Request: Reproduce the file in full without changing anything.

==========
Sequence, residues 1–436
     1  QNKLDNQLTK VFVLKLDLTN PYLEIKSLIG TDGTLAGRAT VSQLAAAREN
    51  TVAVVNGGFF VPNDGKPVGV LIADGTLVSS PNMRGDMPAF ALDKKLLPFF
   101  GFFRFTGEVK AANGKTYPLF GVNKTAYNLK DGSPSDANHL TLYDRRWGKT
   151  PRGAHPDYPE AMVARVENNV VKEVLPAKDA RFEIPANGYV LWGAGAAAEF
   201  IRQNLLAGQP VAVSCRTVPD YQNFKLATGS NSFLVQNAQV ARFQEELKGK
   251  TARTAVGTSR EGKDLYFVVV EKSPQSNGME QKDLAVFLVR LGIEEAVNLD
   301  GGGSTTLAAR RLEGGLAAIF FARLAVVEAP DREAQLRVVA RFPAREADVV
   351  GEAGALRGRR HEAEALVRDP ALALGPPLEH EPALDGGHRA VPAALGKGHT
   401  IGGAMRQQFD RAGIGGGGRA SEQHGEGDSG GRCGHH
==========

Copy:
Sequence, residues 1–436
     1  QNKLDNQLTK VFVLKLDLTN PYLEIKSLIG TDGTLAGRAT VSQLAAAREN
    51  TVAVVNGGFF VPNDGKPVGV LIADGTLVSS PNMRGDMPAF ALDKKLLPFF
   101  GFFRFTGEVK AANGKTYPLF GVNKTAYNLK DGSPSDANHL TLYDRRWGKT
   151  PRGAHPDYPE AMVARVENNV VKEVLPAKDA RFEIPANGYV LWGAGAAAEF
   201  IRQNLLAGQP VAVSCRTVPD YQNFKLATGS NSFLVQNAQV ARFQEELKGK
   251  TARTAVGTSR EGKDLYFVVV EKSPQSNGME QKDLAVFLVR LGIEEAVNLD
   301  GGGSTTLAAR RLEGGLAAIF FARLAVVEAP DREAQLRVVA RFPAREADVV
   351  GEAGALRGRR HEAEALVRDP ALALGPPLEH EPALDGGHRA VPAALGKGHT
   401  IGGAMRQQFD RAGIGGGGRA SEQHGEGDSG GRCGHH